Advocate Acadiana bureau
Published: May 19 2007 - Page: 1ba
LAFAYETTE — At first glance the scene would not have looked too far out of the ordinary.
The red Jeep drove through an impromptu track set up in the parking lot of the old Evangeline Downs.
But a closer look would have revealed an array of electronic equipment antennas and sensors on top of the Jeep — and inside no driver.
That’s right CajunBot — the robotic vehicle built by students at the University of Louisiana at Lafayette — is back and has a new look.
Gone is the old six-wheeled all-terrain hunting vehicle that competed in the finals of the 2004 and 2005 Grand Challenge — an event sponsored by the U.S. Department of Defense designed to spur innovations in autonomous vehicles.
None of the 13 vehicles finished the 2004 desert course. The next year a team from Stanford University won.
While those events were held on a desert course the 2007 event — called this year the Urban Challenge — will be in an urban setting meant to simulate a military supply mission through city streets.
That means CajunBot II will have to operate in traffic obeying traffic rules avoiding obstacles and finding the quickest route from point to point.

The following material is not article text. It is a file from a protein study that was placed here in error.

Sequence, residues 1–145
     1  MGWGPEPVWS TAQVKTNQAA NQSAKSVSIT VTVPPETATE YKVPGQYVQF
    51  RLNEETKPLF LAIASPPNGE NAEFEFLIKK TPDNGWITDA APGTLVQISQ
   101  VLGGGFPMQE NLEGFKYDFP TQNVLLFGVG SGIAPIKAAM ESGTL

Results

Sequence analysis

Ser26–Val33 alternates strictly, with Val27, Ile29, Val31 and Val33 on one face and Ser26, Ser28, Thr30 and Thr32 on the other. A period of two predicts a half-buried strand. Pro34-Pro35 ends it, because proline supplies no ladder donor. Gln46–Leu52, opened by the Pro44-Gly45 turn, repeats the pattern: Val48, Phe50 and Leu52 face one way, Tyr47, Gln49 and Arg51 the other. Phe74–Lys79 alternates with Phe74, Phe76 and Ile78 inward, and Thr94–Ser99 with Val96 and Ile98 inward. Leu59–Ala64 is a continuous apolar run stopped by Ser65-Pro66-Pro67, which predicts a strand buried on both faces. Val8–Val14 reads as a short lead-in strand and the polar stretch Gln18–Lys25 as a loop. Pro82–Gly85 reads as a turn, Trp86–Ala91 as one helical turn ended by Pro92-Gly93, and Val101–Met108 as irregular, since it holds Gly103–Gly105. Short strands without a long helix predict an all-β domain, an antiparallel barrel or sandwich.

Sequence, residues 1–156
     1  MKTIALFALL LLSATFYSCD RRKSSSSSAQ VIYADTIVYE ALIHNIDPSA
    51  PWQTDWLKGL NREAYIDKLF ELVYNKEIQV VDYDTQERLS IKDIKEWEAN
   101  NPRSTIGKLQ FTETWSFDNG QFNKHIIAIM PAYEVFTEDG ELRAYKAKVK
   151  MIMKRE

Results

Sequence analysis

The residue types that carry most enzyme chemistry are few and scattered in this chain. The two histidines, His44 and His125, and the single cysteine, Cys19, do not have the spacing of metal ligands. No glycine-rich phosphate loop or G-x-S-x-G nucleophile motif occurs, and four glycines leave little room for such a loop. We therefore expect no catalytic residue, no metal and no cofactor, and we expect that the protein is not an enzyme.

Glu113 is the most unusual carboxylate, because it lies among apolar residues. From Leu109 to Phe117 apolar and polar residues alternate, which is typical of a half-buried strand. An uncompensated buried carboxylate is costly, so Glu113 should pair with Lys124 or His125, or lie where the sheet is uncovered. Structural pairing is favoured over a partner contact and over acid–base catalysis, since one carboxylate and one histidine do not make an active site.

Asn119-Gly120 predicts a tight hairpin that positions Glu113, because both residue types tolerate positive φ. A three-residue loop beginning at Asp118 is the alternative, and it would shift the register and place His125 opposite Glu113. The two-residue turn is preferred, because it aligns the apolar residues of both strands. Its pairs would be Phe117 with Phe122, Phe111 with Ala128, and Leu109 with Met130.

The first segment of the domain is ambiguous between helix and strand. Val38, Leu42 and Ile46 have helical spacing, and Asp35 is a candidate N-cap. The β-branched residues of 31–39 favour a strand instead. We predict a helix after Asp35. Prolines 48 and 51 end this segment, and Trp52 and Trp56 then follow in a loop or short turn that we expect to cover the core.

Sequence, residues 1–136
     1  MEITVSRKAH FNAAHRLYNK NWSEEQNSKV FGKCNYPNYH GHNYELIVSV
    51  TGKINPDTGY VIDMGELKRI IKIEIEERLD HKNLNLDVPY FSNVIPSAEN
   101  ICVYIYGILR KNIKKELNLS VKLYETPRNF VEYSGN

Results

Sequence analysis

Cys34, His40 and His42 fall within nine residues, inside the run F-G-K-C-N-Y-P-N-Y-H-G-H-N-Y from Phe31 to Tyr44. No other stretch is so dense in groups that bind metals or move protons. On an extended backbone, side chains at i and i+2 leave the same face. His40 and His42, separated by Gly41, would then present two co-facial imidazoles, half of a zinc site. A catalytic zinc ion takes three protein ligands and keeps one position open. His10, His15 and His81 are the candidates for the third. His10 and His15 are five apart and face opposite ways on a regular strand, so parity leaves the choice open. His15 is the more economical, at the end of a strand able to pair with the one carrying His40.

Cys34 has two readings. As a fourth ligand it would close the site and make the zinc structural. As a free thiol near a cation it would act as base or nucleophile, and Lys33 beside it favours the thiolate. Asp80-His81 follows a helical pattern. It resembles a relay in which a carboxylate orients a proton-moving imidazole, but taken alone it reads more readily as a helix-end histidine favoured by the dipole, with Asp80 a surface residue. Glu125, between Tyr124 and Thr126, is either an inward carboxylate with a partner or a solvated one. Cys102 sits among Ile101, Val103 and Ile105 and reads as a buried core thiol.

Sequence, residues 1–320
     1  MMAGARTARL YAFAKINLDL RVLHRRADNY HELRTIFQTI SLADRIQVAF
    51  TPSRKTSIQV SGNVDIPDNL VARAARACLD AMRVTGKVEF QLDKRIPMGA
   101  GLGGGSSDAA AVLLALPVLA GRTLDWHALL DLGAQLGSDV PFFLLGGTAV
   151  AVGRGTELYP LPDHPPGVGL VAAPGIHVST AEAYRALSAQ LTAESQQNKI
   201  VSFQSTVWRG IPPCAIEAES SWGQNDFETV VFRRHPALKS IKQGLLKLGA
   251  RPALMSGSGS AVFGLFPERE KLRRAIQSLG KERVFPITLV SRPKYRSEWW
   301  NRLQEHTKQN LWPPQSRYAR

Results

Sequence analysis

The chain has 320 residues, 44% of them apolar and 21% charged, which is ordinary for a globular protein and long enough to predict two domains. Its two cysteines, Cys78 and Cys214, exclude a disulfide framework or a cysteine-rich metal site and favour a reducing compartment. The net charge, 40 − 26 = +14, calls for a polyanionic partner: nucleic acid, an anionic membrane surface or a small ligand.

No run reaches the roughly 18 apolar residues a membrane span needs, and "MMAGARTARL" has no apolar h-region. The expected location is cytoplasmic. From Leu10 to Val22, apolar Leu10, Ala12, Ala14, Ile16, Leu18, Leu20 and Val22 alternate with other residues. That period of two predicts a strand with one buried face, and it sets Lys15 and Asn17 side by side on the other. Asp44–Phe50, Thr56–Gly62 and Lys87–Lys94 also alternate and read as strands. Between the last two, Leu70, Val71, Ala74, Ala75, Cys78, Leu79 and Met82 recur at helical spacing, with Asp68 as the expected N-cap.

CajunBot II is “smarter ” with upgraded sensors and bigger on-board computers said Arun Lakhotia with ULL’s Center for Advanced Computer Studies.
Team CajunBot put the vehicle through the motions Friday for a group that included media and university officials.
The practice run simulated some of the tasks CajunBot II must perform when Urban Challenge representatives visit Lafayette at the end of June to see whether the vehicle will make the next round of cuts.
CajunBot II ran flawlessly Friday through a layout of a city street grid marked by little orange flags.
One team member was so confident in the robotic vehicle’s ability to sense obstacles he volunteered his car to be parked on one of the simulated streets.
On cue Cajunbot II slowed then stopped when approaching the parked car before it passed the obstacle and continued on.
When a new set of sensors arrives the team will work on programming CajunBot to be able to navigate moving traffic — one of the Grand Challenge requirements Lakhotia said.
Team CajunBot is already looking to the future.
Students studying industrial design have come up with a CajunBot concept vehicle built on a Jeep frame but with a sleeker body and a fiberglass roof hatch that raises and lowers in order for the computer equipment to be placed inside.